Jump to ContentJump to Main Navigation
Taking Morality SeriouslyA Defense of Robust Realism$
Users without a subscription are not able to see the full content.

David Enoch

Print publication date: 2011

Print ISBN-13: 9780199579969

Published to Oxford Scholarship Online: September 2011

DOI: 10.1093/acprof:oso/9780199579969.001.0001

Show Summary Details
Page of

PRINTED FROM OXFORD SCHOLARSHIP ONLINE (www.oxfordscholarship.com). (c) Copyright Oxford University Press, 2019. All Rights Reserved. An individual user may print out a PDF of a single chapter of a monograph in OSO for personal use. date: 20 September 2019

Epistemology

Epistemology

Chapter:
(p.151) 7 Epistemology
Source:
Taking Morality Seriously
Author(s):

David Enoch

Publisher:
Oxford University Press
DOI:10.1093/acprof:oso/9780199579969.003.0007

A common objection to realism (robust or otherwise) is that realists owe us — very roughly speaking — an account of how it is that we can have epistemic access to the normative truths about which they are realists. This chapter first distinguishes between many different ways of understanding this epistemological challenge to Robust Realism, then focusing on the strongest version of the challenge, namely, the need to explain the correlation between our normative beliefs and the independent normative truths (or else accept that there is no such correlation, and that skepticism about the normative is the way to do). After the challenge is clearly stated, a way of coping it is suggested. The way to explain the correlation is by resorting to a (godless) pre-established-harmony kind of explanation, one that utilizes some plausible evolutionary speculations. In a final section there is a preliminary discussion of the somewhat related problem of accommodating semantic access.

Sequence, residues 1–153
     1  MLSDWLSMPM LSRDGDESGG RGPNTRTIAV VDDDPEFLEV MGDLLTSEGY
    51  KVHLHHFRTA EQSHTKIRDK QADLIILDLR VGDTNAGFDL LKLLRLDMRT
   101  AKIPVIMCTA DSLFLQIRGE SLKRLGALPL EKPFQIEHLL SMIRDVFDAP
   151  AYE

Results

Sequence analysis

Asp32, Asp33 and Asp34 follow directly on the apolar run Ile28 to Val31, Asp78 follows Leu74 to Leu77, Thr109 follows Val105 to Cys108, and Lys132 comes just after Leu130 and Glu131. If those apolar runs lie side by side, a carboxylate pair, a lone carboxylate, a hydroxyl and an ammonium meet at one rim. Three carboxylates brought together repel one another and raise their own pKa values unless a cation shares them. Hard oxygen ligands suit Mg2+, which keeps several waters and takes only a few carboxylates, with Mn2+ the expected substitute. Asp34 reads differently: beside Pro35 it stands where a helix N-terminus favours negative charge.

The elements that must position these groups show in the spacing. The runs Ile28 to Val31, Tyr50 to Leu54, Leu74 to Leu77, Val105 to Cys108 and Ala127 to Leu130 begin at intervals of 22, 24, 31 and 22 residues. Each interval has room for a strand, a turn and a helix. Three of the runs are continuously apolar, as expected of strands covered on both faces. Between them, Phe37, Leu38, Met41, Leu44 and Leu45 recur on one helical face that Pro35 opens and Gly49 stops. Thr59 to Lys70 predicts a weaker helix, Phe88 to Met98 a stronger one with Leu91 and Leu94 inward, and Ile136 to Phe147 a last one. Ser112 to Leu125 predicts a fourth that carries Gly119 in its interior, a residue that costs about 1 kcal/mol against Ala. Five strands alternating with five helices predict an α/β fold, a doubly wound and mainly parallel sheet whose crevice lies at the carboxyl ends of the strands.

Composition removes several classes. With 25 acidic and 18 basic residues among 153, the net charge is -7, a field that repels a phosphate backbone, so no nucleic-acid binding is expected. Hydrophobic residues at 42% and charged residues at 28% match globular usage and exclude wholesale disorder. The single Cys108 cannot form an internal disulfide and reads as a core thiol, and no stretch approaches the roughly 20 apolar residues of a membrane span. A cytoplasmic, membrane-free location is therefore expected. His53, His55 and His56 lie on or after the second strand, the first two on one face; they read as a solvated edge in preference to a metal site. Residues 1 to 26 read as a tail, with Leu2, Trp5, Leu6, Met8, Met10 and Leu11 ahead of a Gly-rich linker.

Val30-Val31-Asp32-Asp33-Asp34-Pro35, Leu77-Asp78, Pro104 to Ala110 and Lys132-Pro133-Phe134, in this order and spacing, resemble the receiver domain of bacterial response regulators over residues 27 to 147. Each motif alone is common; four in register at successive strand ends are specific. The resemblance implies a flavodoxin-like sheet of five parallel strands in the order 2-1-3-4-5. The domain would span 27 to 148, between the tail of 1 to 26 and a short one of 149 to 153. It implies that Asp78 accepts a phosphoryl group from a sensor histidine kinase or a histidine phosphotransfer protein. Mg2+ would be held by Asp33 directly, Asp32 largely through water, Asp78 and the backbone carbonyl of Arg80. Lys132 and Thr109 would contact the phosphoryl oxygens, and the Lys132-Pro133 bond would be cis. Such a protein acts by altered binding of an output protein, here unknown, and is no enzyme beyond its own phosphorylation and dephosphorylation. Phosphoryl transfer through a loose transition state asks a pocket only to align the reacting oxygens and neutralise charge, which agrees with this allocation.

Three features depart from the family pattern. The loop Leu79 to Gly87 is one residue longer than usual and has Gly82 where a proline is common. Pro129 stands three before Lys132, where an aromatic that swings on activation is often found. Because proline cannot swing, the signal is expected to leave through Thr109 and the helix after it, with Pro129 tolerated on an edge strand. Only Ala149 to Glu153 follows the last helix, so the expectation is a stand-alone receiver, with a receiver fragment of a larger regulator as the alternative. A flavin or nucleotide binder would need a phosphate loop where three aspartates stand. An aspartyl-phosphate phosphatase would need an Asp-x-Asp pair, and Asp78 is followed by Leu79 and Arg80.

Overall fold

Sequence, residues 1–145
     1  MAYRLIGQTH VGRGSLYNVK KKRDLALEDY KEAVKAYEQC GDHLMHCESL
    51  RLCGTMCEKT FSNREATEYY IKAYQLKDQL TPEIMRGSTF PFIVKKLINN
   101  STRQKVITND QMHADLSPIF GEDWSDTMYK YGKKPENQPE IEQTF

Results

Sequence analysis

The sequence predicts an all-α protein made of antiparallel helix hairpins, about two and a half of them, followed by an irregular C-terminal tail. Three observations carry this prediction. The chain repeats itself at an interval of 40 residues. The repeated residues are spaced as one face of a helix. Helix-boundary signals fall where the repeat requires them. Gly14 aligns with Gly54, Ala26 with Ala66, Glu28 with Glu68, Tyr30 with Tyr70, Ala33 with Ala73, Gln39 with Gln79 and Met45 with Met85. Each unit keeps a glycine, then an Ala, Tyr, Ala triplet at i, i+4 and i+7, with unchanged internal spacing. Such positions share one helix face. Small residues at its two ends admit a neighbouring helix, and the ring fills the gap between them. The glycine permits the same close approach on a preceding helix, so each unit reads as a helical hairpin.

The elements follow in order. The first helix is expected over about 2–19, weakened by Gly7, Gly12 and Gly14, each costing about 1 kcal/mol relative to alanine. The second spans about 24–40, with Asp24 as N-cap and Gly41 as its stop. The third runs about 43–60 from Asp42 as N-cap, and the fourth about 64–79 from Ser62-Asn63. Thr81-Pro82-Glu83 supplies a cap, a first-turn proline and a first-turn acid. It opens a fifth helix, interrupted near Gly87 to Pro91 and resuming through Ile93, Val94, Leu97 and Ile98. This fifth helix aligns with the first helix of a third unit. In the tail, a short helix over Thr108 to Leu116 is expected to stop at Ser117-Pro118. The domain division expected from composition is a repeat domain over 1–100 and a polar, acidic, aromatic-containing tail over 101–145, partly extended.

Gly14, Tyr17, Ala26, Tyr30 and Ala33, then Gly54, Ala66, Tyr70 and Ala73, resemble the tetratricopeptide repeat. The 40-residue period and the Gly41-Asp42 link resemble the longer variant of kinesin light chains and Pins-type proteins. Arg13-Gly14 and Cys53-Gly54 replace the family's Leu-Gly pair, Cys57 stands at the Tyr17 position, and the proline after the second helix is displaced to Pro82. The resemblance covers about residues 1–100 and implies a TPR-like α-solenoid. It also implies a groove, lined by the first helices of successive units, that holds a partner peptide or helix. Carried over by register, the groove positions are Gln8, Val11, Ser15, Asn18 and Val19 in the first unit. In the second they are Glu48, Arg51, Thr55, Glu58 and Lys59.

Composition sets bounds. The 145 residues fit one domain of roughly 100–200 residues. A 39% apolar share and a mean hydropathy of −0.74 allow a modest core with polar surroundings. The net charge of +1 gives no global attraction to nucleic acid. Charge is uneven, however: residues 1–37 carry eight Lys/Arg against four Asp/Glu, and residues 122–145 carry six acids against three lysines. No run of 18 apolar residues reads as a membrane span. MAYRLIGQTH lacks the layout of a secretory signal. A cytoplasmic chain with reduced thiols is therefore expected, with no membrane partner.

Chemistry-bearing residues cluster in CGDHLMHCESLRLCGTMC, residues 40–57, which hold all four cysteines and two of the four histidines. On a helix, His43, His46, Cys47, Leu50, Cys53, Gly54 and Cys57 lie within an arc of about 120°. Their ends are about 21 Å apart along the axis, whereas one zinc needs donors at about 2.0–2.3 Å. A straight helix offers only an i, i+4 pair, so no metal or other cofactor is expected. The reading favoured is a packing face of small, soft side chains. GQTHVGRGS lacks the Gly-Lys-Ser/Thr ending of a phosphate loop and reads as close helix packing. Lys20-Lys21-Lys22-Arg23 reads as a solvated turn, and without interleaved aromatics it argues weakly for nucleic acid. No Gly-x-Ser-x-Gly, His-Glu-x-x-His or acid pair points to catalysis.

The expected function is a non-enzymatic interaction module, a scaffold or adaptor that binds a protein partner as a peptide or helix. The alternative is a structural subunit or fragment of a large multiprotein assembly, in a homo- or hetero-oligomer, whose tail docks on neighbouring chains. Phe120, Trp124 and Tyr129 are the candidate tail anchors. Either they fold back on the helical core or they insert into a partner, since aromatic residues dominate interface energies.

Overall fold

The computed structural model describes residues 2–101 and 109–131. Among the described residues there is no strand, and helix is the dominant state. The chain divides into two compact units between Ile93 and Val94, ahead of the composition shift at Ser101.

Keywords:   moral epistemology, Sharon Street, Paul Benacerraf, Hartry Field, skepticism, epistemic access, semantic access, pre-established harmony

Oxford Scholarship Online requires a subscription or purchase to access the full text of books within the service. Public users can however freely search the site and view the abstracts and keywords for each book and chapter.

Please, subscribe or login to access full text content.

If you think you should have access to this title, please contact your librarian.

To troubleshoot, please check our FAQs , and if you can't find the answer there, please contact us .